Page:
APALACHICOLA, Fla. — The back porch of Boss Oyster restaurant, with tables covered in worn-out plastic cloths, is deserted. But the menu seems to have what we’re after: fish, more fish, and cold beer. Out it comes on old Melmac plates: a giant griddled crabcake that has so little filler it falls into large, deliciously sweet flakes with the touch of a fork; grilled redfish with a hint of rosemary; smooth, cheesy, delicious grits; and golden balls of hush puppies.
We drove a long way for this simple, perfect meal. Boss was hard to find. Not geographically difficult, but hard because you would think a place like this exists at every curve of the Gulf Coast. We are in search of the Old South and though it’s here, you really have to dig to get to it. We’re on a road trip from New Orleans to Charleston, S.C., driving from Louisiana, through Mississippi, Alabama, then across the Panhandle to this stop in Apalachicola, a region Florida calls its Forgotten Coast, going east to Gainesville, then St. Augustine to Florida’s First Coast (yes, they’ve named them all), Savannah, Ga., and finally Charleston for the flight home. One thousand miles in one week. We should have taken one month.
Ever since we left New Orleans two days ago, we have started to wonder if the combination of aggressive developers, Hurricane Katrina, and the BP oil spill had put the little mom-and-pops out of business. Roadside shacks and country stores are replaced in many areas by high-rise apartments in pastel shades, bearing such names as “Sands,” “Marseille,” and “Eden.” In New Orleans we had to venture far from the French Quarter to find places where tourists don’t go (that included Bacchanal Wine, in the Ninth Ward, where you sit outdoors with great music and exceptional food, and a $35 taxi ride to Ba Mien, a terrific Vietnamese restaurant in the ravaged east end of the city).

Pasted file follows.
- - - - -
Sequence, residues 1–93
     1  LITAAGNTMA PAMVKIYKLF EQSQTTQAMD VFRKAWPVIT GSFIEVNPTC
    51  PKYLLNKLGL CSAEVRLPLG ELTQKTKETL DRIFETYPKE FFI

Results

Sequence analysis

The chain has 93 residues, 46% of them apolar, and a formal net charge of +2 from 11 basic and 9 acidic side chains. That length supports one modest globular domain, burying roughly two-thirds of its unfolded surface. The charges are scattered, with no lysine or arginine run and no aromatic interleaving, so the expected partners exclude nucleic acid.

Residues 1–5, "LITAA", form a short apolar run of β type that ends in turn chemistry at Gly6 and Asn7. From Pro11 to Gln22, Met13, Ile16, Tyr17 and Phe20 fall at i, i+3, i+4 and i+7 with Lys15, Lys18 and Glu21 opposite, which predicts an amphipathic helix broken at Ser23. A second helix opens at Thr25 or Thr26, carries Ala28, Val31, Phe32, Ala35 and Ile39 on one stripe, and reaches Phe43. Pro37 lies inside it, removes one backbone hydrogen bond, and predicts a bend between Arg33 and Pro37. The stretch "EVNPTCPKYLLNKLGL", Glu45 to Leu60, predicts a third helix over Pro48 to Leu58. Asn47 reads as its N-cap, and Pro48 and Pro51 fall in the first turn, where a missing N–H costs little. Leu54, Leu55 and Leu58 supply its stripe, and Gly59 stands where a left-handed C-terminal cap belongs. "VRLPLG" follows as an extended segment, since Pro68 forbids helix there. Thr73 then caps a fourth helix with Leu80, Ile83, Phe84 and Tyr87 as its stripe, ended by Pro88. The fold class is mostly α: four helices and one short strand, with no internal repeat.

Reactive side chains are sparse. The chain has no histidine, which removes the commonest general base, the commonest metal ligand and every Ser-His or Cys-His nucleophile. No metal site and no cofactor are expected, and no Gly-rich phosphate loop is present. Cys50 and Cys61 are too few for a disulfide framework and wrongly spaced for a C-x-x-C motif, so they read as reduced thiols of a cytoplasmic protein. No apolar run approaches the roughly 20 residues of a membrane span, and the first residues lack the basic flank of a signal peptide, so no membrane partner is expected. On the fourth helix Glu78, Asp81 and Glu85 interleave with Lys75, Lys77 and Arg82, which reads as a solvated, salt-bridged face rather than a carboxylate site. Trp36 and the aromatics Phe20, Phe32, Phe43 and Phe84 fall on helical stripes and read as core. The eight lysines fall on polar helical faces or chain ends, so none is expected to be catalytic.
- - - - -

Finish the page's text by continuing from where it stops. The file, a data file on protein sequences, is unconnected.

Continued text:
After miles and miles of pawn shops, tattoo parlors, Waffle House and Chick-fil-A locations, homes on stilts, casinos, fishing boats, sweet little towns that might have been set in New England, old oaks so tall you want to sit and stare at them, we come away satisfied. Some of it looks like Everyplace, USA, with too many chains of all sorts, other parts are untouched. The key to a Southern road trip, as one innkeeper tells us, is to “drive through the ugly parts without looking, and slow down where it’s pretty.”
Every innkeeper, every cabbie, every bartender along the coast mentions Katrina and what was before; the storm had a devastating effect. Sea walls are still going up, as are boardwalks, piers, and other construction on the water. Along the way, we tweet, using a “gulfroadtrip” hashtag, and when we’re no longer there, “former gulfroadtrip,” writing observations, counting the fast food locations, commenting when the seafood is tops, wondering how badly places called Payday Loans gouge the people who need them.
Apalachicola, established in 1831 and once the third largest port on the Gulf of Mexico, might be the city that time forgot. We imagine that aside from the pristine waterfront and a few chic shops, including Grady Market for clothing and housewares, this is the Old South. At the historic Gibson Inn, a little down at the heels, the front desk attendant is waiting on the porch. We’d called because we were lost and she makes us hustle so we won’t miss dinner. We use her map to find Boss, and the following morning settle in at Caroline’s River Dining, on the sunny water, watching fishing boats go by, eating eggs and more cheesy grits (on the best days we ate them at every meal).
Back in New Orleans, when we rented the car at a hotel, the concierge had told us, “Y’all headed to Charleston? Take Route 10 till you hit water, then turn left.” We have every intention of never getting on Interstate 10 if we can help it. That means driving so close to the water’s edge at times we’re puzzled why road engineers ever did this. And after Katrina, rebuilt this.
Approaching Gulfport, Mississippi, we see white-sand beaches, neoclassical mansions under live oaks, fishing fleets. Midday in Biloxi, Miss., lost in a maze of seaside casinos, we note The Hook Up Bar & Restaurant, which serves a decent po’boy with shrimp and oysters. “There used to be lots of little seafood shacks and now no one wants to reinvest in them,” our waitress tells us.
We pass through Ocean Springs, Miss., on Biloxi Bay where the homes are grand, little bungalows are charming, and massive trees, which must be a godsend in summer, loom. A sign reads: “David Krause: Lawdog.” We Google him. The site says, “When you need a lawyer, get a dog . . . ”Continued...